These count as powerful stories in my mind and from what I’ve been learning at camp. I’m thinking about “humble epics,” creative constraints. And how to get done in the next four hours."
julianbleecker  campforsociallyawkwardstorytellers  alecsoth  openstudioproject  camp  lcproject  classideas  walkerartcenter  minnesota  adventure  fun  conferences  unconferences  experientialeducation  design  bookslcproject  summerinwintercamp  littlebrownmushroom  ncmideas  conferenceideas  2013  camps  learning  collaboration  projectideas  experientiallearning 
august 2013 by robertogreco
PLAY Stories: To Be Designed
"On Oct. 1st- 3rd, 2012, a group of designers, makers and technologists gathered in Detroit to collectively imagine and produce a piece of design fiction: a catalog of products from the future."

[See also: http://tobedesigned.nearfuturelaboratory.com/ ]
design  designfiction  tobedesigned  tbd  aaronstraupcope  brucesterling  cezannecharles  chriswoebken  christiansvaneskolding  emmetbyrne  jamesbridle  johnmarshall  julianbleecker  karldaubmann  marcgreuther  marcusbleecker  mokapantages  mickfoster  micolasnova  raphaelgrignani  tombray  maganmulholland  zackjacobson-weaver  2012  nearfuturelaboratory 
april 2013 by robertogreco
Julian Bleecker: The Future Never Gets Old — The Gradient — Walker Art Center
“I have personally been interested in the overlap of design and speculation for a while, but inviting Julian out in the context of the IWG posed a new set of questions: how can an organization like the Walker embed speculative practices into its workflow, how is interdisciplinary experimentation already inherently speculative, and when should our institution embrace a process that is not necessarily results-oriented—or at least, not in the typical sense? Speaking of mundane . . .”

[Related: Julian Bleecker on ‘Undisciplinarity’ https://vimeo.com/7196709 ]
julianbleecker  designfiction  future  futures  futurism  design  williamgibson  longtail  walkerartcenter  interdisciplinary  interdisciplinarydesigngroup  emmetbyrne  susannahschouweiler  2012  nearfuturelaboratory  making  storytelling  lcproject  openstudioproject  undisciplinarity  doing  scifi  sciencefiction  innovation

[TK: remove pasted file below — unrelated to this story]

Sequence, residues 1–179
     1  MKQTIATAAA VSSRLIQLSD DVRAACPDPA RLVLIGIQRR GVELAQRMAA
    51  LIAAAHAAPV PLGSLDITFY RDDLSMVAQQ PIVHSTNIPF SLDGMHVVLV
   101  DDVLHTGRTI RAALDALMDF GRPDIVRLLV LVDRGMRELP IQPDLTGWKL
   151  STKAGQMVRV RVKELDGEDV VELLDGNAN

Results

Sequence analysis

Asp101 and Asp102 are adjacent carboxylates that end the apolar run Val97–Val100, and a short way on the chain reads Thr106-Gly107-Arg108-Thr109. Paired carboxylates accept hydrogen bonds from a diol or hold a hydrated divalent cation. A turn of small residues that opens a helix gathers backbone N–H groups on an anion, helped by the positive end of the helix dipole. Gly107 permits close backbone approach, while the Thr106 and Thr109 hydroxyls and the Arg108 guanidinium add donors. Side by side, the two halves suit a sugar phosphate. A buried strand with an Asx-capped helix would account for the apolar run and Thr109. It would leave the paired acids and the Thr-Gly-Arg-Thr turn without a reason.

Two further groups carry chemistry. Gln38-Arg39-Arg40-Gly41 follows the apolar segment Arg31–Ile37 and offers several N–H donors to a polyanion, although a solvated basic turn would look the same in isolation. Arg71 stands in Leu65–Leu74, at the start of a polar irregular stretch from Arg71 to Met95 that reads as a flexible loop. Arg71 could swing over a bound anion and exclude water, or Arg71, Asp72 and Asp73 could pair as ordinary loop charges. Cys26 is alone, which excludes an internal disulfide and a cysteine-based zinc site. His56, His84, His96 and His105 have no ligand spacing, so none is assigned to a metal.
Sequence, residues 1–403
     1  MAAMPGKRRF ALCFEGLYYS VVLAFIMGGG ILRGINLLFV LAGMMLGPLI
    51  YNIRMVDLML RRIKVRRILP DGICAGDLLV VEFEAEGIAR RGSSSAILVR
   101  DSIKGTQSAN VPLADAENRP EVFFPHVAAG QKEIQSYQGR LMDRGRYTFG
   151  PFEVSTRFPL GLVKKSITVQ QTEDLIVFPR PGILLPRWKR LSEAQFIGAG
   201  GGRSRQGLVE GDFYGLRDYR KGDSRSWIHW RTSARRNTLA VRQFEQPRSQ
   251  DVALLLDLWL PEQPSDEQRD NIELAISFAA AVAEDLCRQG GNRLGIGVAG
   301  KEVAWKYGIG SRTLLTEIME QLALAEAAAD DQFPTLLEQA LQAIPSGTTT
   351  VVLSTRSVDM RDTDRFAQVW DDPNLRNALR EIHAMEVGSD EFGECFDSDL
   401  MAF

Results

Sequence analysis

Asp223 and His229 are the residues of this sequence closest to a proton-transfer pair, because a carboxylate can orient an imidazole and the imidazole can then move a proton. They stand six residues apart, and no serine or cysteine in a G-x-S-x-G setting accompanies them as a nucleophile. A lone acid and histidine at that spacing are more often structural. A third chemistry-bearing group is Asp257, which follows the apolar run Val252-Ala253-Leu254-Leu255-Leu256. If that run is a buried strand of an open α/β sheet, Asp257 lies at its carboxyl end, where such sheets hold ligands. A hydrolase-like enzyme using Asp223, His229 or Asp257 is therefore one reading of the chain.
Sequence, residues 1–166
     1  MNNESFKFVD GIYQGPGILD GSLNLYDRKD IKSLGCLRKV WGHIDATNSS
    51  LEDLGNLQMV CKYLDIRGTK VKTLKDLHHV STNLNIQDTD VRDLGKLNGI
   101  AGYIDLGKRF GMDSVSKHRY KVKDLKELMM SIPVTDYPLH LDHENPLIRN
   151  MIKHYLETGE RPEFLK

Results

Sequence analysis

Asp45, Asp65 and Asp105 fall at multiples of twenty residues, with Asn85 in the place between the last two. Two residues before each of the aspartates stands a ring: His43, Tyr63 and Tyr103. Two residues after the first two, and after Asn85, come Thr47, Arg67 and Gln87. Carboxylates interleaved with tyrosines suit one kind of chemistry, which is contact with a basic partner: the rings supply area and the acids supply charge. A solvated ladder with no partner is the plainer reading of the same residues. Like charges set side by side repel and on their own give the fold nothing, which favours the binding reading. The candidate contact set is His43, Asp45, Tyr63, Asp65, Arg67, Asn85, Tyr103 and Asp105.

april 2013 by robertogreco
Julian Bleecker on ‘Undisciplinarity’ on Vimeo
"‘Undisciplinarity’ is as much a way of doing work as it is a departure from ways of doing work, even questioning what ‘counts’ as work. It is a way of working and an approach to creating and circulating culture that can go its own way, without worrying about working outside of what histories-of-disciplines say is ‘proper’ work. It is ‘undisciplined’. This is important because we need more playful and habitable worlds that the old forms of knowledge production are ill-equipped to produce. It’s an epistemological shift that offers new ways of fixing the problems the old disciplinary and extra-disciplinary practices created in the first place."
julianbleecker  2010  undisciplinarity  glvo  cv  openstudioproject  interdisciplinary  crossdisciplinary  multidisciplinary  generalists  design  extradisciplinary  knowledgeproduction  learning  culture  making  doing  innovation  scienceofscience  anthropology  science  sciencestudies  historyofconsciousness  sciencefiction  simulation  play  simulations  tinkering  prototyping  exploration  speculation  experimentation 
april 2013 by robertogreco
News from the Executive Suite, Los Angeles Bureau | Near Future Laboratory